Yes, we have seen some retailers and hospitality venues using robots in a customer-facing role, although usually as a PR stunt. Often, though, they’re not even proper robots, in the sense of intelligent, autonomous machines – they’re ‘telepresence robots’, which is a glorified way to say an iPad stuck on a Segway linked up to the Internet, allowing someone thousands of miles away to ‘be there’ in the room with you.

But a real robot is a big investment and a big commitment; perhaps the world’s most famous real robot (as opposed to movie and TV ones) is Honda’s Asimo, who was launched way back in 2000. Each Asimo (apparently, there are at least 60 by now) cost an estimated $1 million to make and there are reports that you can hire one for $150,000 a month.

Temporary staff, even well-trained, motivated and professional people like we provide, don’t cost anything like that much (not to the client, anyway – obviously, we invest huge amounts in them). You hire them when you need them. The clue is in the word temporary…

They are cost effective, they are easy to deploy, you can bring in as many or as few as you need, and if you have the right staffing agency, you’ll have a huge range of skills to choose from.

Buy a robot, you need somewhere to keep it safe (it’s an expensive piece of kit – you don’t want someone jacking it and taking it to the robo chop shop). You need to have someone to fix it when it goes wrong (remember the last time you queued in the supermarket at the self-service tills? How many of them were broken? Think robots are simpler?). You need to have access to a pretty good programmer if you need to change the instruction set and the task parameters. I could go on…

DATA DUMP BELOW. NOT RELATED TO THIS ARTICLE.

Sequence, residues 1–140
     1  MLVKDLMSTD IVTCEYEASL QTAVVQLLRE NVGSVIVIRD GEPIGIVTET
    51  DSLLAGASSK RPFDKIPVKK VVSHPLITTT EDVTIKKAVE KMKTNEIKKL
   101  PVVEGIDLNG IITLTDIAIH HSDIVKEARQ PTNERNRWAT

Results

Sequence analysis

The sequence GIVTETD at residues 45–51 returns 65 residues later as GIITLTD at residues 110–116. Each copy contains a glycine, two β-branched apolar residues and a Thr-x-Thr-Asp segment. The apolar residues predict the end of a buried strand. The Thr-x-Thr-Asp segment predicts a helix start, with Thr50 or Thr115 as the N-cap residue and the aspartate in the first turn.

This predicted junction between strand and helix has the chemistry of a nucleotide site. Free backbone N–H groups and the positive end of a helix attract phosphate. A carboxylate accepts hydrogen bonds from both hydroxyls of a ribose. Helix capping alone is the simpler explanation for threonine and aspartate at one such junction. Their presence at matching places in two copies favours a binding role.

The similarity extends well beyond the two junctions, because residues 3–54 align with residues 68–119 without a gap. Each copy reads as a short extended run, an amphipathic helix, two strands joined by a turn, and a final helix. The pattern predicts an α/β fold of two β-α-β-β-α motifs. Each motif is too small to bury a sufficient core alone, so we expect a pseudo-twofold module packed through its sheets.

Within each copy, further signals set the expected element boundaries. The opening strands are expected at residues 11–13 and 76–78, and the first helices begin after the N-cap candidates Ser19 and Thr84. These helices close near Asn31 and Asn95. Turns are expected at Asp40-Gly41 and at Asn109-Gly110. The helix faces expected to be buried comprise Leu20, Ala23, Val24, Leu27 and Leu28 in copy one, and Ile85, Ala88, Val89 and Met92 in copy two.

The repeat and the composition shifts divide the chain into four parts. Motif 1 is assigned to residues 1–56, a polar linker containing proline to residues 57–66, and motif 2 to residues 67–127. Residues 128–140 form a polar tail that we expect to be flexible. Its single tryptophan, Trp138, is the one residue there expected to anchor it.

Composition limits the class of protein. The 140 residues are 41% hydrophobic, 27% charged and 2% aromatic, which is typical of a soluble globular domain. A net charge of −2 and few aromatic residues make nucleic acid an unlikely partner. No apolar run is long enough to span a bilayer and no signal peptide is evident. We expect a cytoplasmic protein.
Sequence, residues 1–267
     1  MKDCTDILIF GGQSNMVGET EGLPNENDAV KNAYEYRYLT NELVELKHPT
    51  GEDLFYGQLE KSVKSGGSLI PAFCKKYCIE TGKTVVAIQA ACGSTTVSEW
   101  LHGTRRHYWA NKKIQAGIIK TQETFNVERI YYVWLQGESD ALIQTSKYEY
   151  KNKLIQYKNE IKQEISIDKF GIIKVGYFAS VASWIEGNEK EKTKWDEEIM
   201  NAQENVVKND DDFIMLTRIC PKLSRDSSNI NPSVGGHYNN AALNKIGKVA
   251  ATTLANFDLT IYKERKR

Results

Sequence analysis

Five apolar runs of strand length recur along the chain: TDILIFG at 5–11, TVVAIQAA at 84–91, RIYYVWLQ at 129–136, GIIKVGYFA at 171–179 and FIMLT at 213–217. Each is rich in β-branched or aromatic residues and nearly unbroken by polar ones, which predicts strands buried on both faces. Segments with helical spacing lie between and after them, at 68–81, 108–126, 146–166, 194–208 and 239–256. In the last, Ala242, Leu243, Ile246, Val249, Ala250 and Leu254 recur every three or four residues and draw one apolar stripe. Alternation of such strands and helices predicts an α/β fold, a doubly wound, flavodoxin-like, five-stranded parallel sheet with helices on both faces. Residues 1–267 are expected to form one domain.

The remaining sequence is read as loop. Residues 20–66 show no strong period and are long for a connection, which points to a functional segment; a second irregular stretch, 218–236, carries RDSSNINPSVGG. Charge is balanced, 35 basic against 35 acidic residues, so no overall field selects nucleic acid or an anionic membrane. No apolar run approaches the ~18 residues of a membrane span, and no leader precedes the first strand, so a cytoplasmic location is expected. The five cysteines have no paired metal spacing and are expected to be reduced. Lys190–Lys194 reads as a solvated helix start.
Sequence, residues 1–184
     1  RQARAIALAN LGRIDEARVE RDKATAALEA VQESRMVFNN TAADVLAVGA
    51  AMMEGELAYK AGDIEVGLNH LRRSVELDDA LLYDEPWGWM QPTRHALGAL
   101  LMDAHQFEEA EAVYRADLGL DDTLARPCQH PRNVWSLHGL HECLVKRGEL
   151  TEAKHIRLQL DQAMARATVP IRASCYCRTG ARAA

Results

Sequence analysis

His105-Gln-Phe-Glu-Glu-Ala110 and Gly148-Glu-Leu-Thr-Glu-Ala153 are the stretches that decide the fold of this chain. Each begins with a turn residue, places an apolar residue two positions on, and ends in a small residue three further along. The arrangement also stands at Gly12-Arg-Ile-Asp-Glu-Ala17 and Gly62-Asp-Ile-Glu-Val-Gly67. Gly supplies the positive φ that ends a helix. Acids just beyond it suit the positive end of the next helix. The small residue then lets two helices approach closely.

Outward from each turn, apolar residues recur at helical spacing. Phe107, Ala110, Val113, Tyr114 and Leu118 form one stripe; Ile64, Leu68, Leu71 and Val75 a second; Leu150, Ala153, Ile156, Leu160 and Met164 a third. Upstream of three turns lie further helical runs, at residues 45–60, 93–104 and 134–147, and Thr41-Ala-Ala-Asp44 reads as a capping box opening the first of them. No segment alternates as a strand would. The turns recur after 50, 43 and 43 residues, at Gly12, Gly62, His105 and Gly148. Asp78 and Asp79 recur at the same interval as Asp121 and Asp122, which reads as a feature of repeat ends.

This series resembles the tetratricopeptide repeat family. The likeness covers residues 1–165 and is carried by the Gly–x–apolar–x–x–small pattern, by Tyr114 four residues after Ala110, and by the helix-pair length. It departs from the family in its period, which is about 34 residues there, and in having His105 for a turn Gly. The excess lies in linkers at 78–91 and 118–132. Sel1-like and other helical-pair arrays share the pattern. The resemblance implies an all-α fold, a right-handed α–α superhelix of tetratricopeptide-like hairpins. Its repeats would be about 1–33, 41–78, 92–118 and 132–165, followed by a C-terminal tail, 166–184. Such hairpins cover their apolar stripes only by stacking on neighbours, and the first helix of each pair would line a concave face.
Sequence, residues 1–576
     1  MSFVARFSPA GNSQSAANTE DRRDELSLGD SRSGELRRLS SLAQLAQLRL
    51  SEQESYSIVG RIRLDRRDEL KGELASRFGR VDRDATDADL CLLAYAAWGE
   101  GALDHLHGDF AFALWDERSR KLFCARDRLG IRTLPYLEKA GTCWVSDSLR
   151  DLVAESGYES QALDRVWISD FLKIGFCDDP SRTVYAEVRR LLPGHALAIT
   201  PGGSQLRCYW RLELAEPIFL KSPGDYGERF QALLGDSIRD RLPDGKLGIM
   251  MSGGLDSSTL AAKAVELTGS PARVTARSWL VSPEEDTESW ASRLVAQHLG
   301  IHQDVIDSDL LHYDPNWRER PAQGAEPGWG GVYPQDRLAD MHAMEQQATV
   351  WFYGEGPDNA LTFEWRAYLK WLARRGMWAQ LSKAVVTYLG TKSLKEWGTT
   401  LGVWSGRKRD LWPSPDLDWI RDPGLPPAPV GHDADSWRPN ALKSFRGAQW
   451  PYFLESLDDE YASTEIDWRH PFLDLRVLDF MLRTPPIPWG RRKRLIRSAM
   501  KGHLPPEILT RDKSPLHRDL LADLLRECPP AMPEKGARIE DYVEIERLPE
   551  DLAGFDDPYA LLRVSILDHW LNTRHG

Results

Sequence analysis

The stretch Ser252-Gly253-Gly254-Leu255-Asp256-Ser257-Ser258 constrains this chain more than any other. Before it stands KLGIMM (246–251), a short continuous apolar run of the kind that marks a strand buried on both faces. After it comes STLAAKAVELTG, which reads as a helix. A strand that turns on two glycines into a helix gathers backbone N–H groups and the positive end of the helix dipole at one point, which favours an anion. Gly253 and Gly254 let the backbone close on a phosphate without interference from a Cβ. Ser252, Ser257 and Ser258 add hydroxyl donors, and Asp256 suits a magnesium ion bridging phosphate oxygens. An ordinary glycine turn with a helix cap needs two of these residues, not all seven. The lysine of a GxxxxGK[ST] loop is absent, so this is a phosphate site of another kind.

Don’t believe the hype: robots are complicated and expensive.

People are complicated, too. But that’s exactly why a real person is better than any robot or kiosk or interactive system at engaging with other real people – humans understand human complexity, are adaptable and are programmed (by nature) not just to understand speech but also to read subtle non-verbal communications.

We’ve worked for a range of clients, finding and training high quality staff who can engage with passers-by and potential customers. For example, we recently provided Rugby club Saracens with a team of brand ambassadors to look after VIP and corporate clients at the team’s Allianz Park home ground.

Would robots have worked in that situation? I don’t think so. For that level of interaction, you need the human touch.

By James Rix, Co-founder and CEO, Harrix Group (which owns promotional campaigns and staffing agency StreetPR)

*Image credit: HBO


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  • Right Brain, Left Brain sums up the dichotomy of a media business that’s constantly battling with the challenge of delivering a profit and discovering new ways to communicate to consumers. The Cream editorial team combined with a dream team of industry pioneers from around the world share their expert opinions.